Vets juniors vent about NECAP
Two out of five Warwick juniors have the potential of not graduating in 2014 due to low scores on the New England Common Assessment Program (NECAP), a statewide test taken by all 11th graders. Math scores, in particular, seem to be the problem.
Some students say they think NECAP testing is "stupid," and that it should be "banished" altogether, noting that the high stakes test gives them anxiety.
Also, Vets juniors are yet to learn of their scores. According to Principal Gerry Habershaw, they will be notified of their results sometime next week.
"It's going to cause a great deal of stress on the kids," Habershaw said, noting that he doesn't like the idea of high stakes testing either. "I don't think that any one test is good to restrict a kid from graduating. They put 12 years of work into school, and to say they don't graduate because of one test is not right. Many kids have difficulty in math as it is, and they have difficulty taking standardized tests."
Habershaw went on to say that the test is a bit of a double-edged sword. In fact, he said scores actually went up from last year because educators let students know how vital it is for them to pass, that is, students took it more seriously. Still, students are failing.
Either way, juniors are feeling that stress. Many of them are not fans of NECAP testing.
"I think it sucks," said Ryan Locke, 16. "You shouldn't fail over one stupid test. If I don't graduate, I'm going to be upset."
Darrien Souza, 16, agrees.
"It's pointless," he said.
Andrew Zincone, 16, feels the same. He thinks they already have plenty of requirements to graduate.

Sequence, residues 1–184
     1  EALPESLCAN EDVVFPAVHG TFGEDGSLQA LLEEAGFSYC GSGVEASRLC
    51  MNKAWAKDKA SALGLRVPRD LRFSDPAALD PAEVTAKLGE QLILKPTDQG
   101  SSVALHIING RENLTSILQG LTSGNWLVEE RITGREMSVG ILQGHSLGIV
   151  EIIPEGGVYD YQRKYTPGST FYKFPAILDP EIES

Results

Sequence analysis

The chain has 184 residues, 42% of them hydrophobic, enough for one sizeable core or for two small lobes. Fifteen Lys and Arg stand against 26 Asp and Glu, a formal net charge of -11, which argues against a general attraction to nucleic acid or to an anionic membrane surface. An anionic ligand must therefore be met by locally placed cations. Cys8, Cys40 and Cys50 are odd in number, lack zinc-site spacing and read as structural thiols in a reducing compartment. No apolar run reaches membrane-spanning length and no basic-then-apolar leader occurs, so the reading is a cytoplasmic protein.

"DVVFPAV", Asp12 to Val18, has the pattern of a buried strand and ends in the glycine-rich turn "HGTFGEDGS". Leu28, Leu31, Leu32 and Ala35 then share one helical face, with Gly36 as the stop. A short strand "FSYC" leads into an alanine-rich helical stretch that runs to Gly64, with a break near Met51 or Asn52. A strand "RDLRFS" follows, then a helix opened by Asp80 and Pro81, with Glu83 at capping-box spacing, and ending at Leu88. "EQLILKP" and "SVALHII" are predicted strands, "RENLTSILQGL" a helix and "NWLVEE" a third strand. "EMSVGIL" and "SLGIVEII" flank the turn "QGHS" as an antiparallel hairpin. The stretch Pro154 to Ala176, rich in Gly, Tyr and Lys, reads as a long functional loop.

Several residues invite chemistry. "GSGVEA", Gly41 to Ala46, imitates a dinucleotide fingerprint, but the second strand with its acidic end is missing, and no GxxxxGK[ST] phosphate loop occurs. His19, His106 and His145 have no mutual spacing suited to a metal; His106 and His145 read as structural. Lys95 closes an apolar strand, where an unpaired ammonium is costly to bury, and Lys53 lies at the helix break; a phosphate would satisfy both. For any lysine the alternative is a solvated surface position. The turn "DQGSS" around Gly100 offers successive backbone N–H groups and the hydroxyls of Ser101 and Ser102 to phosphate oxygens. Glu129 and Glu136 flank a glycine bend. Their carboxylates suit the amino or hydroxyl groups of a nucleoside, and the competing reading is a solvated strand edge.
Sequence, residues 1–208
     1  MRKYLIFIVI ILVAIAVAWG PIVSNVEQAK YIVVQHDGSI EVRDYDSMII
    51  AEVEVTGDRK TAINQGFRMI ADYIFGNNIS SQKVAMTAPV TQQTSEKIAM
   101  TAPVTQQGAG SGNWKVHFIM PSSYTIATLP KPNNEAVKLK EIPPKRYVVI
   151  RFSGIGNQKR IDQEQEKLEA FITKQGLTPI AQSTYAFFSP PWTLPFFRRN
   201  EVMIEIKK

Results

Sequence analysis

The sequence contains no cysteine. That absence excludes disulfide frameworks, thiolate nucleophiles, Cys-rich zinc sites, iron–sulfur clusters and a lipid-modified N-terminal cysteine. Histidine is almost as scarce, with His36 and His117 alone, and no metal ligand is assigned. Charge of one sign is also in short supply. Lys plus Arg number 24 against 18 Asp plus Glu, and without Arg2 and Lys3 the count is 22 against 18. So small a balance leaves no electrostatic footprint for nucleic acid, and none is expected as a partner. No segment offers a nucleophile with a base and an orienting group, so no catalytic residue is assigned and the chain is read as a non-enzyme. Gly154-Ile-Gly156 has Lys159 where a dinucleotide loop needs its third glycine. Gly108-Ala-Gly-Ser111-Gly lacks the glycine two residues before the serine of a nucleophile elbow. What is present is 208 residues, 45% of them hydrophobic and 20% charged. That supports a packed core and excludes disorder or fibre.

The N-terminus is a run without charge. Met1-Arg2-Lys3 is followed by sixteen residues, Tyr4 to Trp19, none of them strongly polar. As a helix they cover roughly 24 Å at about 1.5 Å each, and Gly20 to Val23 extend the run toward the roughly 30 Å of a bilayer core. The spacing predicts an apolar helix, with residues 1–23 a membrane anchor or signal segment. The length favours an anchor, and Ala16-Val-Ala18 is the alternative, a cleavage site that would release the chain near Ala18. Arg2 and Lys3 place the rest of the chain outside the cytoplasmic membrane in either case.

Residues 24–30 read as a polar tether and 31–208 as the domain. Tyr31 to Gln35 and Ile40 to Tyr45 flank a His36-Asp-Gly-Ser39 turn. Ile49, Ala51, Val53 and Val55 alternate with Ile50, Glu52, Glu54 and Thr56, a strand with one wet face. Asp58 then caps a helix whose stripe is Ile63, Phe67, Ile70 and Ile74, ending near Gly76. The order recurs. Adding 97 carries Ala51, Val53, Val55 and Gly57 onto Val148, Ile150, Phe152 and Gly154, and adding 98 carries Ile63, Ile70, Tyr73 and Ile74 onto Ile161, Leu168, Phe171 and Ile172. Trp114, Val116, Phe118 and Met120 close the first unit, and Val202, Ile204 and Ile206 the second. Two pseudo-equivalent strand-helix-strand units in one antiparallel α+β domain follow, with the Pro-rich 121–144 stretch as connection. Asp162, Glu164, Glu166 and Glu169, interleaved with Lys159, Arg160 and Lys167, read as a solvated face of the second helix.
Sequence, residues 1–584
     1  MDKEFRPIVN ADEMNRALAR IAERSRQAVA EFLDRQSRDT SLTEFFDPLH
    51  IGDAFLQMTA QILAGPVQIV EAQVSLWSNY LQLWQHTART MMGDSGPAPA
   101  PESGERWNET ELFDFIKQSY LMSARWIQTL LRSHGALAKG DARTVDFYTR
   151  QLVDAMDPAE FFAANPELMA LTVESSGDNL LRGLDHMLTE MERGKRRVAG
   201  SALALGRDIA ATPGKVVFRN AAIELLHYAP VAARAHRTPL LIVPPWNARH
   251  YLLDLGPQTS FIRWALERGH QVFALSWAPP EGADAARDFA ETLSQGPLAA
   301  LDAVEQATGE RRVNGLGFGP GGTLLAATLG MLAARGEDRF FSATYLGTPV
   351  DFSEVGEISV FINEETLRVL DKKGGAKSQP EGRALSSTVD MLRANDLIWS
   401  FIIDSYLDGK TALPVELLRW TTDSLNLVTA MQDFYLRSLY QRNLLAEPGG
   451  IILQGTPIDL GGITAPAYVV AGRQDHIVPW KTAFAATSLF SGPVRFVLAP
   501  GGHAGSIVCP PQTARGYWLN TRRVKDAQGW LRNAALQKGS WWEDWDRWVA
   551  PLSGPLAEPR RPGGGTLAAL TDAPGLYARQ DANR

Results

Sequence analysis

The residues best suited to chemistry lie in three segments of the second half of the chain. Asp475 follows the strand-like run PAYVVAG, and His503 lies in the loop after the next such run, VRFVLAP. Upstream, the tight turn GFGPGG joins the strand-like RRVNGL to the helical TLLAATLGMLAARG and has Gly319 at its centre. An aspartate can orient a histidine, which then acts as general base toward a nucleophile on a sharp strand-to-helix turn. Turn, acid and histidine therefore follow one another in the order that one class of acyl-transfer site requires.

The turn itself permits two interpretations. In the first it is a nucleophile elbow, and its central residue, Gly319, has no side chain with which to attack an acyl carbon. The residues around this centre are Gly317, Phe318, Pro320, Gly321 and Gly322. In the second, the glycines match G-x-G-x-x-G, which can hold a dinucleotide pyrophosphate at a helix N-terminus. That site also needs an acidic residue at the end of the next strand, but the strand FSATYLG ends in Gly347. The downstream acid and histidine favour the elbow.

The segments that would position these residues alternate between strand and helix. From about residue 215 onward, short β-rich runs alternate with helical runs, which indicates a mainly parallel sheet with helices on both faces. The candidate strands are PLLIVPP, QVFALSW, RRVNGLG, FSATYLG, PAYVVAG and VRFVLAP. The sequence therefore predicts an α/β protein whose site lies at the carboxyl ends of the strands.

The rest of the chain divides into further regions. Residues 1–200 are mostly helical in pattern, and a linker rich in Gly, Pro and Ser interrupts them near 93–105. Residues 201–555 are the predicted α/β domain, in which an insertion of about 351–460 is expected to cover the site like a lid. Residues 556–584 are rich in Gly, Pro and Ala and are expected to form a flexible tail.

"We already have mid-terms, final exams and senior projects," Zincone said. "It should be banished."
Terry DePetrillo, 17, is on the same page.
"I don't like NECAP at all," he said. "It's another obstacle for us to graduate."
And while honor students are confident they passed, they agree that the test should be modified.
"The test should be easier if that many kids aren't passing," Jenna Fontaine, 16, said.
Her friend, Lauren Almonte, 16, shares Fontaine's sentiments.
"Things should be taken into consideration," she said. "If you excel at something, it should help you."
But one student, Jeremy Davenport, 16, disagreed. He said the test isn't difficult, and that if students tried a little bit harder, they wouldn't have a problem.
"If you pay attention in class, you'll pass the NECAP," Davenport said. "It's not hard. You're being lazy if you don't pass it."
However, all is not lost. Going forward, said Habershaw, teachers are working hard to help students who are struggling. Students who earned failing scores will be able to take intermediate math courses during their senior year, as they will be given a chance to re-take the test in October. They will also have students take an Accuplacer Test, a test the Community College of Rhode Island uses to place students in courses.
"If they do well, it can supplant the NECAP," Habershaw said. "A lot of kids don't have the aptitude for math. I think you have to have a certain ability to understand high levels of math, and I think kids get increasingly frustrated when they don't understand it right away."